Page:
Moreover, whom he did predestinate
Not to sufferings, which are not expressed nor designed, but to grace and glory after mentioned. This predestination is of particular persons, who, in consequence of it, are called, justified, and glorified; it is the effect of divine grace, and entirely owing to it; it is the source of all the other blessings of grace, and is therefore placed at the head of them, and secures them all:
them he also called;
not to afflictions: many may be called to afflictions, and endure them, who are neither justified nor glorified; besides, the people of God, though they meet with many afflictions, between their call to eternal glory, and their enjoyment of it, yet they are not so much called to afflictions, as to patience under them: their call is of grace, by special grace, to peculiar blessings of grace, and to a kingdom and glory; and this their calling is secured by predestination, and connected with glorification: and whom he called,
them he also justified;
the meaning of which is, not that he approved of them as sincere and faithful, on account of their faith and patience in sufferings; for neither of their sufferings, nor of their faith and patience in them, is there the least mention in the passage; nor can any instance be produced of the use of the word "justified" in this epistle, or elsewhere in this sense: but the meaning is, that such persons whom God predestinates and calls, he makes them righteous by the imputation of the righteousness of his Son unto them; which is unto all, and upon all them that believe; by which they are justified before God, and in their own consciences, from all sin, and so secured from all wrath and condemnation; wherefore glorification stands inseparably connected with it:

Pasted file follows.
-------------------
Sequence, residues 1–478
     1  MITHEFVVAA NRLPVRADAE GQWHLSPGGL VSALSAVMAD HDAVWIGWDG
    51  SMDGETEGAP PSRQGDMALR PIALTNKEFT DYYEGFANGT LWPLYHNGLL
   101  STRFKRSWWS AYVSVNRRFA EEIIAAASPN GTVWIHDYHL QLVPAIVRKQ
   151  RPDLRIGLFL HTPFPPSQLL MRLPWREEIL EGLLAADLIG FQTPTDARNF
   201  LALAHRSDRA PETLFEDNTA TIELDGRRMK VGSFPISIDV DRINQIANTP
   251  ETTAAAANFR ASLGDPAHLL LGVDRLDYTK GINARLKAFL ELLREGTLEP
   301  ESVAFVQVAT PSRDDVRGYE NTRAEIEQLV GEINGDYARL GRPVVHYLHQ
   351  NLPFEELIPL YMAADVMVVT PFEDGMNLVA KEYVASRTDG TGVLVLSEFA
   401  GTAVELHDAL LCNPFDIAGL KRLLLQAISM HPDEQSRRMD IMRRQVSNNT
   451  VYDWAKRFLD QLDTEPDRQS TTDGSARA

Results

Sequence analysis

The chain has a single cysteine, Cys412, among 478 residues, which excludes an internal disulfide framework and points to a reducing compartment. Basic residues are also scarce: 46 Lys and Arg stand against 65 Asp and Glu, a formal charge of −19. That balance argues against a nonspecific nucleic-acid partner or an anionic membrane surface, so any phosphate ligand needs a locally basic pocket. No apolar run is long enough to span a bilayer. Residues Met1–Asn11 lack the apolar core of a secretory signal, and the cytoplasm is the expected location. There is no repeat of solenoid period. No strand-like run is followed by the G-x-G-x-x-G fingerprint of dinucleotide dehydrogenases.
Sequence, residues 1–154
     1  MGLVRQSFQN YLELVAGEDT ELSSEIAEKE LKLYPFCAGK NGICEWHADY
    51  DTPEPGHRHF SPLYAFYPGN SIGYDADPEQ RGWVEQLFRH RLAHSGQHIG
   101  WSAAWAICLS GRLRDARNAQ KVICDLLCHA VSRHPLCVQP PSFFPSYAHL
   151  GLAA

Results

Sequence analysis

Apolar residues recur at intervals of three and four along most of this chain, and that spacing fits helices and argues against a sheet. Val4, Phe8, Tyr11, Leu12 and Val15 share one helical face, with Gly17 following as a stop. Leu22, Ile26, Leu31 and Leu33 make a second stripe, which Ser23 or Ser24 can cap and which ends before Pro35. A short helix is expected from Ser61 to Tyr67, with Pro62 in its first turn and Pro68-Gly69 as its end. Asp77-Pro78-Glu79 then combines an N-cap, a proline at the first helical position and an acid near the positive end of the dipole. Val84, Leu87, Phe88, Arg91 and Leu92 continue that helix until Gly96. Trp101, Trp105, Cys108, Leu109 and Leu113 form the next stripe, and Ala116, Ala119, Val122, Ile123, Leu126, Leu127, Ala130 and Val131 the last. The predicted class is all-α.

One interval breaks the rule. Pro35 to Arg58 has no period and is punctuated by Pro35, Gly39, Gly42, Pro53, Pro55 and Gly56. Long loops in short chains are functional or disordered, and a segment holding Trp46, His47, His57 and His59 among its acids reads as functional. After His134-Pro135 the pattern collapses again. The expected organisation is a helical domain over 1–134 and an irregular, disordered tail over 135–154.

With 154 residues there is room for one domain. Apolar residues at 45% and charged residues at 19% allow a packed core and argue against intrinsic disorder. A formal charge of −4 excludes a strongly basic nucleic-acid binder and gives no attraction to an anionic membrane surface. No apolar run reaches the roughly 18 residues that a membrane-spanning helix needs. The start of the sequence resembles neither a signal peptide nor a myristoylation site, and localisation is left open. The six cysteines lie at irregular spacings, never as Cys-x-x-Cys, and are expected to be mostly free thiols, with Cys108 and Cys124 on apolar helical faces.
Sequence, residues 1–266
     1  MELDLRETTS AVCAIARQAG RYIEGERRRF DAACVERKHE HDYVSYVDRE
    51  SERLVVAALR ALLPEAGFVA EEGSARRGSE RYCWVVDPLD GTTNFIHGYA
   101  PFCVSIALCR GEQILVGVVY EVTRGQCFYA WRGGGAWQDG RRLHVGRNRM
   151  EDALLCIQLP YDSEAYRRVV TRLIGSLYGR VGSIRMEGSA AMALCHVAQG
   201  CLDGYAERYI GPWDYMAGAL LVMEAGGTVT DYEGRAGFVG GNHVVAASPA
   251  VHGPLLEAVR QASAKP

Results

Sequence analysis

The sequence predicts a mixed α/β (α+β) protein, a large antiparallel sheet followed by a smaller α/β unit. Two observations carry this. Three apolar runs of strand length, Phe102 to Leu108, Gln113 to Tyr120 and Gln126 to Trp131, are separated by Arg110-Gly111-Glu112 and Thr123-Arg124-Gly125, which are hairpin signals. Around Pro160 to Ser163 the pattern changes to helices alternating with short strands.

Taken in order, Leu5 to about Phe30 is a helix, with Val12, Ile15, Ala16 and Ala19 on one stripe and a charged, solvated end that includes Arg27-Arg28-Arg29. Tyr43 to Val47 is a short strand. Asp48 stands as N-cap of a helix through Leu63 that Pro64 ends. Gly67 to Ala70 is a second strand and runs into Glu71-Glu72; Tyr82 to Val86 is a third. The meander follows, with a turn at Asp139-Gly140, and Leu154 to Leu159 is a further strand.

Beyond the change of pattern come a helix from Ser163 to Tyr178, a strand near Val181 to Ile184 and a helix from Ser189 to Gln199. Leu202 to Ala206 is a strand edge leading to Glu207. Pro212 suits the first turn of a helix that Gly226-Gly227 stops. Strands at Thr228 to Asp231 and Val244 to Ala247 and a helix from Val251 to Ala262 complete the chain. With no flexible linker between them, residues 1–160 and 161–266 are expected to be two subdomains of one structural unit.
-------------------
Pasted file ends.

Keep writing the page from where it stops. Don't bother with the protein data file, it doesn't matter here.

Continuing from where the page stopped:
and whom he justified, them he also glorified;
which is not meant of being made glorious under sufferings; nor of being made glorious by the extraordinary gifts of the Spirit; for the word is never used in this sense, nor is God ever said to glorify his people in this way; and the apostle is speaking of the saints in general, and not of particular ones: if this was the sense, none would be predestinated, called, and justified, but such who have the extraordinary gifts of the Spirit; and none would have the extraordinary gifts of the Spirit, but such persons; whereas many have had these, and yet no interest in the grace of God, and everlasting happiness: but eternal glory is here meant, which is what the apostle had been speaking of in the context; is what the elect are predestinated and called unto; and which their justification gives them a right and title to; and will consist in a likeness to Christ, in communion with him, in an everlasting vision of him, and in a freedom from all that is evil, and in an enjoyment of all that is good; and so the great end of predestinating grace will be answered in them mentioned in the foregoing verse: now this glorification may be said to be already done, with respect to that part of God's elect, who are in heaven, inheriting the promises; and is in some sense true also of that part of them which is on earth, who are called and justified; being made glorious within by the grace of Christ, and arrayed and adorned with the glorious robe of his righteousness; by the one they have a meetness, and by the other a right to eternal glory; of which this grace they have received is the beginning, pledge, and earnest: besides, they are already glorified in Christ, their head and representative, and in the view of God, and with respect to the certainty of it, it being prepared and made ready for them, is in the hands of Christ for them, and is insured to their faith and hope. It is an observation of a Jewish writer F14,
``that a thing (twyhl rzgnv) , "which is decreed to be", is spoken of in the past tense:''this is the Scripture style concerning things decreed, and such is the glorification of all God's elect.
F14 Aben Ezra, in Jon. ii. 2.